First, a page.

Budget 2016: eBay and Amazon “can be made liable” for seller VAT fraud
George Osborne included measures to tackle VAT fraud by overseas sellers on marketplaces such as eBay and Amazon in the 8th Budget he delivered as Chancellor of the Exchequer this afternoon.
What’s in the Budget?
Here is the section on the Gov.uk Website verbatim. You can find it here in section 4.28.
“Tackling VAT evasion by overseas sellers
The government is taking firm action to protect the UK market from unfair online competition. Some overseas traders from beyond the EU avoid paying UK VAT, undercutting online and high street retailers and abusing the trust of UK consumers who purchase goods via online marketplaces.
Budget 2016 announces action that will help to protect consumers and level the playing field for businesses. HMRC will be able to require non-compliant overseas traders to appoint a tax representative in the UK, and will be able to inform online marketplaces of the traders who have not complied. If traders continue to evade VAT and no action is taken to prevent the fraud, then online marketplaces can be made liable for the VAT.
The government will also introduce a due diligence scheme for the fulfilment houses where overseas traders store their goods in the UK. This will make it harder for VAT evading firms to trade. While the government continues to take action domestically, the global nature of the fraud means international action is also required. The UK has already raised this issue with EU and international partners and the EU and OECD’s current work programmes include further work to help combat this fraud.”
So, it seems like a step in the right direction. Obviously it depends on how HMRC exercises their new powers and then how the marketplaces respond. But the threat is there if the marketplaces don’t do their best to kick off non-complaint sellers that they can be held liable for the VAT. But my guess is that things won’t get that far.
eBay has commented on the Budget this afternoon: “eBay has always been committed to making our platform a fair place to buy and sell. We expect all our sellers to comply fully with their legal obligations including VAT. We welcome rules that ensure a fair marketplace and will review the detail of the legislation. Even without such a law, we would not hesitate to suspend sellers found by HMRC to be evading VAT. We are already working closely with HMRC on this issue and will continue to assist their efforts. We already continuously remind all our users of their need to comply with their legal obligations and take proactive steps around the world to ensure our sellers comply with the law. For example, we have established a dedicated information centre on our site for Chinese sellers to assist them in understanding their tax obligations. We have also contacted hundreds of Chinese sellers to notify and educate them on the need to comply with the law.”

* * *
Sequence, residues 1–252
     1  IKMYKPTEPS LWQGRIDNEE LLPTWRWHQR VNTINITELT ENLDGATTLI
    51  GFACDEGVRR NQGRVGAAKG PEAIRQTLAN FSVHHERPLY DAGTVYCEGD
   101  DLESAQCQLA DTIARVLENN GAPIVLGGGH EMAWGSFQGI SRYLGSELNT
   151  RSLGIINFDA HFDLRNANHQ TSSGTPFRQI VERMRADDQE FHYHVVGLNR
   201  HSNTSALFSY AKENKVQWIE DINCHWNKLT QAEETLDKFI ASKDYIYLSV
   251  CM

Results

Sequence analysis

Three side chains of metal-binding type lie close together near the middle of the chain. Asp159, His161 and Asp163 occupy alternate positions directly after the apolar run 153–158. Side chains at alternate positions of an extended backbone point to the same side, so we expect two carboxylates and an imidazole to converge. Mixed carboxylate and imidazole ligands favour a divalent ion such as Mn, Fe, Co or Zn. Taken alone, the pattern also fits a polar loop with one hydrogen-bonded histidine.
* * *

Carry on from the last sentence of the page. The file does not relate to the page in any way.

The small print
And here’s detail on how it will actually work, taken from this page:
“How will they work?
These new measures will not apply automatically to all overseas businesses and/or online marketplaces. These are discretionary powers that will enable HMRC to target the most non-compliant overseas businesses and take the most appropriate action on a case by case basis. HMRC will use risk assessment tools to first identify those overseas businesses that are high risk and/or continue to be non-compliant with UK VAT rules.
HMRC will then attempt to gain compliance directly with the overseas business by making contact with them.
Where appropriate HMRC will then consider whether to:
– compulsorily register the overseas business for VAT in the UK
– direct the appointment of a UK-established VAT representative
– require an appropriate form of security
Where the overseas business does not comply with HMRC’s directions and/or continues to be non-compliant, HMRC will contact the relevant online marketplace through which the overseas business is trading. It will put the online marketplace on notice that it may be held jointly and severally liable for the VAT in respect of the overseas businesses future taxable sales through that online marketplace. The notice will also set out a period of time (normally 30 days) during which the online marketplace can avoid being held jointly and severally liable either by securing compliance from the overseas business or removing it from its online marketplace. After this period of time, the online marketplace will be held jointly and severally liable if no such action has been taken.”